An electronic system, with closed loop current flow, and relative electrical potentials present across electrical components.

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How long would it take for electricity to flow from one terminal to other, via a 1 LY long wire?

Basically, how long does it take for electricity to determine there is a closed circuit and how does it know that the circuit exists? I'm curious to know how it knows there is a closed circuit at any ...
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Why does a capacitor discharge?

Suppose a charged capacitor (parallel plates), the negative and positive charges on two plates attract each other. Which force cause the negative charge carriers (electrons) move through the circuit ...
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929 views

Why doesn't the electric field inside a wire in a circuit fall off with distance from the battery?

We studied electric fields due to point charges. The magnitude of these fields decreases with the square of the distance from the point charge. It seems to me that we could treat the positive ...
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How electron movement produces current,instead of having a slow drift speed

Just need a clarification here, how the current is produced due to the movement of electrons, in an external circuit,having a very slow drift speed. Normally in a battery there is high potential ...
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Does current flow back to the source through earth?

We know that if Single Line to Fault occurs, then fault current flows to the earth. I want to know whether the current will return to the source or not. For the current to flow we need a closed path. ...
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How can a circuit function with two negative battery terminals facing each other?

Here is a drawing of the circuit that is confusing me: I don't quite understand how batteries work in this diagram. If a battery has a negative and positive terminal, there must be a barrier ...
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309 views

Modeling stochastic process with frequency-dependent power spectrum

I'm trying to model of Johnson-Nyquist noise propagation in a nonlinear circuit. An ideal (linear) resistor can be modeled very nicely by the Fokker-Planck equation (equivalently, the drift-diffusion ...
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Detecting if resistances are parallel or series in complex circuits

I know how to detect when resistors are arranged in parallel or series arrangement and I can also find their equivalent resistance in simple circuits or when resistances are connected in form of ...
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How does power consumption vary with the processor frequency in a typical computer?

I am looking for an estimate on the relationship between the rate of increase of power usage as the frequency of the processor is increased. Any references to findings on this would be helpful.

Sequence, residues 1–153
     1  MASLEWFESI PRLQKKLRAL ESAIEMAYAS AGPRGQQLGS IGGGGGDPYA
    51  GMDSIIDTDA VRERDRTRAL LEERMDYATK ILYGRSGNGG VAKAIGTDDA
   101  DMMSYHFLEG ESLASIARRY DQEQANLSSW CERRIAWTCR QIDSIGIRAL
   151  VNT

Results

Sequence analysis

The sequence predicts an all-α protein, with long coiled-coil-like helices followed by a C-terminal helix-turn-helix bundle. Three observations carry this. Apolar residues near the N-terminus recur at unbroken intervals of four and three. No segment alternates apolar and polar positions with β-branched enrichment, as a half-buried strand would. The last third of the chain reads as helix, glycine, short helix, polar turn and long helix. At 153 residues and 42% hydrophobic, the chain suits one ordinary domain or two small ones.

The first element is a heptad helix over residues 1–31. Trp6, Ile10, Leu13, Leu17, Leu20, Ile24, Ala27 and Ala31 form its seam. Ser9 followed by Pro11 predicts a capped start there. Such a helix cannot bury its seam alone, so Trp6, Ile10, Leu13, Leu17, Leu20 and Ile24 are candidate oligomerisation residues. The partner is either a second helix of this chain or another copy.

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Why don't electric workers get electrocuted when only touching one wire? [duplicate]

I know that when electricians work on the poles on the streets, if they only touch one wire at a time they will be fine. However, from my understanding, the negative wire is connected to a large ...
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960 views

Intuitively, Why is Power Proportional to $I^2R$

As the resistance of a circuit goes down, the power increases because the current increases, assuming constant voltage. Why is this? I feel like resistance and current are inversely proportional, so ...
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641 views

Do the copper connectors we used in measuring the resistance of a wire contribute to the said measurement?

We measured the resistance of a wire by setting the multimeter to ohmmeter mode and connected the ends of the ohmmeter to the ends of the wire; and we also calculated the theoretical value using a ...
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220 views

Voltage in a circuit

Suppose I have a following circuit: I do not understand, why the potential difference between the points $c$ and $d$ is equal to the potential difference between the points $b$ and $a$? That is, ...
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Different batteries connected in parallel

If we have 2 batteries one of emf x and the other is of emf y and we connect them in series we get an effective emf of x+y. But what if we connect them in parallel, how to calculate the emf now?
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General integral to find resistance

My question is: is there a simple and truly general equation for the resistance between two electrical equipotential surfaces?. Obviously, if so, what is it, and if not, why? It would be very ...
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Why is the voltage drop across an ideal wire zero?